So, now that we have the “ground rules,” let’s move onto the “meat.”
What is Your Overhead Percentage?
You’ve at one point in time been asked, or have asked yourself this question. Most people answer with a percentage, i.e., “60 percent.” Some people plan their future on these percentages, “Well I can cut my overhead to 55% if I pay this off or fire this person,” etc.
The subject of overhead percentage can get pretty deceptive. Without getting into all of the variables, you can see that some expenses are more or less fixed (i.e., rent) and others are variable (i.e., lab). With this in mind, let’s take it back one step further, specifically to how an “overhead percentage” is derived.
This is simple enough; you divide your total expenses by your revenues.
Example: If you spend $40,000 per month to pay bills and the like while making $55,000, your “overhead percentage” is 72.7%.
$40,000 ÷ $55,000 = .727 (72.7%)
So far so good.
When discussing overhead percentage, the focus usually goes to expenses. This is only half the equation. It ignores what is, in my mind, the more important other half of the equation – revenues.
Let’s use the example above. We’ll say expenses are still $40,000, but in this scenario revenues are $80,000. Well, now our “overhead percentage” is 50%.
In an effort to increase profitability, the doctor with the $40,000 overhead and $55,000 in revenues, will more often than not place all of his or her focus on cutting expenses. They join supply co-ops, use a cheaper lab, refinance debt (the list goes on).
I’m all for cutting wasteful expenses. Why waste money? It misses the bigger point though, which is: If you’re looking to improve profitability, the FIRST action and focus should be to increase revenues.
Now, if you have some grossly ridiculous, hugely wasteful expense, feel free to cut it. But, and I say this with almost twenty years of experience, “penny pinching” for profit isn’t going to work as fast or as well as making your office produce the revenues it’s capable of.
What’s the starting point when it comes to increasing revenues? Simple – patients accepting and paying for their full treatment plans.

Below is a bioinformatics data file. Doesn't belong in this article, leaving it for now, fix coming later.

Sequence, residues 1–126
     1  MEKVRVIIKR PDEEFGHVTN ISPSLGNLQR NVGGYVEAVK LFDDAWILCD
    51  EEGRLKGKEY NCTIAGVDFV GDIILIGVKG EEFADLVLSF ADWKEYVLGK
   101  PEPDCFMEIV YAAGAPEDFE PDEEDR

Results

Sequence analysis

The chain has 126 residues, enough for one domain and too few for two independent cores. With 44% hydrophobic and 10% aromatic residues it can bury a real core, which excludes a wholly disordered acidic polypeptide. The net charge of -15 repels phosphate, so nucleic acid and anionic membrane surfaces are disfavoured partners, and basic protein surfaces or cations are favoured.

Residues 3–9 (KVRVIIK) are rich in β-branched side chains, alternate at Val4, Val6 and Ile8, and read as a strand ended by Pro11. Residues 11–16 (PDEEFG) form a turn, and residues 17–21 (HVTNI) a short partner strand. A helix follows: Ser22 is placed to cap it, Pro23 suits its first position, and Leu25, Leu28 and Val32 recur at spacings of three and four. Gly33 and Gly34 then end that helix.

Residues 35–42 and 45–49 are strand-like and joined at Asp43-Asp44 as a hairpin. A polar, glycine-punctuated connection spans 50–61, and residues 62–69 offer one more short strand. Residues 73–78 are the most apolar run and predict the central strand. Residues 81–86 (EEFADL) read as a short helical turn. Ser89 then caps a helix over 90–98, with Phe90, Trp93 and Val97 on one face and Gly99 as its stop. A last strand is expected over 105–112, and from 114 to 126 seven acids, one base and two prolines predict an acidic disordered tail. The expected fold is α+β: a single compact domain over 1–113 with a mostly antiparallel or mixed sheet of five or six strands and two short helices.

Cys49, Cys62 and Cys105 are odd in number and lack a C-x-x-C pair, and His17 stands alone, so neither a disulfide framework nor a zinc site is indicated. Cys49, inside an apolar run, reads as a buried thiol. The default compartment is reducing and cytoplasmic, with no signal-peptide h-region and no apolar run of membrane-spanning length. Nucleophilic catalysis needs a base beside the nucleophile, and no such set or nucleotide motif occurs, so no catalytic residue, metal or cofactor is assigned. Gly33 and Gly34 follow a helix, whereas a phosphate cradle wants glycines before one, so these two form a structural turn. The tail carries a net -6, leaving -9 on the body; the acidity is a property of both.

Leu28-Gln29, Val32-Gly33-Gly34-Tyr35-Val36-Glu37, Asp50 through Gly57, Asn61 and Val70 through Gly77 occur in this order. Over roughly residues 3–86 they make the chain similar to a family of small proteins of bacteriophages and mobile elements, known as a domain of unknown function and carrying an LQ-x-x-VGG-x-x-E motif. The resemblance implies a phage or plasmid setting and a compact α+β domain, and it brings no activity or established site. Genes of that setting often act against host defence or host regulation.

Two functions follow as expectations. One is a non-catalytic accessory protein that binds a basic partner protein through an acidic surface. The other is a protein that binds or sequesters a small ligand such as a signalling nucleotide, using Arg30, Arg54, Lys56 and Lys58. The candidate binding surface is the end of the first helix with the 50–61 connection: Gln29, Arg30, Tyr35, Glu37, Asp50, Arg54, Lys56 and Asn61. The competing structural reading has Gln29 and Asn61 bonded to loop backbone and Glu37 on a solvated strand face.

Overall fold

I’m not talking about just fancy full mouth reconstructions either. I’m talking about basic, bread and butter dental treatment. Like the patients you saw this past week who needed, but didn’t accept or put off, the crowns, implants or bridges (or endo, etc.) that they needed.
Now, you’ll have hardship cases where a patient cannot possibly pay and you handle these accordingly, you might do some of the work as a charity case and that’s great. I personally appreciate and enjoy doing work like that.
However, you’ll find – very often – that the patient who doesn’t accept treatment could pay for it. They just don’t. They pay for their vacation or other “stuff.” Why? They don’t understand the importance of it. They’re not “sold.”
It’s not uncommon to have a client go home and collect an additional 50% (or more) after their first seminar. I see this very frequently. And, I’m not saying this to “pump MGE up,” I’m just stating fact.
How do they do it? Well, usually it starts with them actually presenting full treatments and asking the patient to pay for it. Shocker – isn’t it? Look, there’s a lot more to this, it’s about the subject of sales. Which, if you’ve read our newsletters, you know that we teach a very professional, easy and actually fun way to handle this subject. We show our clients how to really connect with and communicate with their patients. I don’t want to go too far off on this, but it starts with sales.
I’ll give you two very simple case histories. And, I want it known that I didn’t “pore” over every client’s statistics to pick the “two best,” I’m too lazy for that…. I simply grabbed two successful clients to demonstrate my point. I’m not going to use names – but the numbers are real. While all of these doctors have gone on to even greater success statistically, I wanted to demonstrate how things changed in the beginning of the MGE program with primarily marketing and communication and sales training.